Beautiful landscaping around a home can help it blend with the environment and accentuate architectural detail, but landscaping features can also hide damage and hasten deterioration. “Climbing vines like English ivy and wisteria trap moisture against a building promoting wood rot,” said Gibney. “English ivy’s roots are notorious for taking hold in soft lime mortar hastening its deterioration or growing through cracks in windows and siding. Tree and shrubbery roots can push into foundations, sidewalks, and porch piers. Dead tree limbs will eventually fall and could damage a roof.”
Gibney provides a list of tasks most homeowners can accomplish:
- Shrubs should be trimmed back from the structure.
- Climbing vines can be trained to grow on a trellis rather than on the house.
- If root systems are an issue, the shrubs might need to be removed and replaced with a less aggressive planting.
- Trees that are significant to the historic setting of a home should be inspected by an arborist certified by the International Society of Arborists.
Don’t forget, the landscape around your home or building encompasses more than foliage. Although it may seem a low visual impact, Gibney also instructed you to “look at the terrain around your home. Are there low spots or puddles near the foundation? This can lead to a damp basement. You can fill low spots with soil, or dig a small trench, line it with gravel, and install perforated drainpipe to direct water away from your foundation.”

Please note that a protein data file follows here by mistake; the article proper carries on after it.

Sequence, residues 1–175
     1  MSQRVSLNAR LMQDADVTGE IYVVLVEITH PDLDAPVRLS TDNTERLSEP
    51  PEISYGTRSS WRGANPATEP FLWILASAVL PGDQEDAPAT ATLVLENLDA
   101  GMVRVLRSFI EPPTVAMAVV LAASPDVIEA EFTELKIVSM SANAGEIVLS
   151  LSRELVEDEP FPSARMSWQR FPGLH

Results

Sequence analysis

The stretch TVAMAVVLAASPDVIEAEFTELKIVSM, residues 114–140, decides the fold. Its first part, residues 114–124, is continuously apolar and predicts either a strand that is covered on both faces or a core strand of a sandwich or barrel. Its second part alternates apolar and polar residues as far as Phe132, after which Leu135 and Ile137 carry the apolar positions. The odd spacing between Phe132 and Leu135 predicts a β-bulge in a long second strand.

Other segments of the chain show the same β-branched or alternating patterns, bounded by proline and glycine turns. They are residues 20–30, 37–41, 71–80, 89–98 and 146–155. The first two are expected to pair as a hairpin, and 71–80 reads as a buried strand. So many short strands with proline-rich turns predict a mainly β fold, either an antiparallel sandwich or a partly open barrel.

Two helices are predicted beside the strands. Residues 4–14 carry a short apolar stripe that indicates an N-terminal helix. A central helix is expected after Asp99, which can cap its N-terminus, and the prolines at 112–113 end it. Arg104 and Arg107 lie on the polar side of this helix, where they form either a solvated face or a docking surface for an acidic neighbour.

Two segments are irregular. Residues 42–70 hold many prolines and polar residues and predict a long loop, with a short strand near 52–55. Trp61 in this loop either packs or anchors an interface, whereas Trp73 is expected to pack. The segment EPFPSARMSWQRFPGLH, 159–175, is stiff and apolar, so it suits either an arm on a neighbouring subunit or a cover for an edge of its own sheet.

Our trades experts would like to remind you:
- Make sure to test any products you’ll be disrupting for hazardous materials (e.g. asbestos and lead paint). Trades experts recommend you hire a professional for abatement.
- Consult professionals in stores for advice on products and techniques. One trades expert recommends seeking out professionals at smaller specialty trade stores rather than big box stores.
- If it involves a permit to complete the work, think twice. There’s a reason the work requires a permit—it requires more skill and things can go dangerously wrong if they are not done correctly.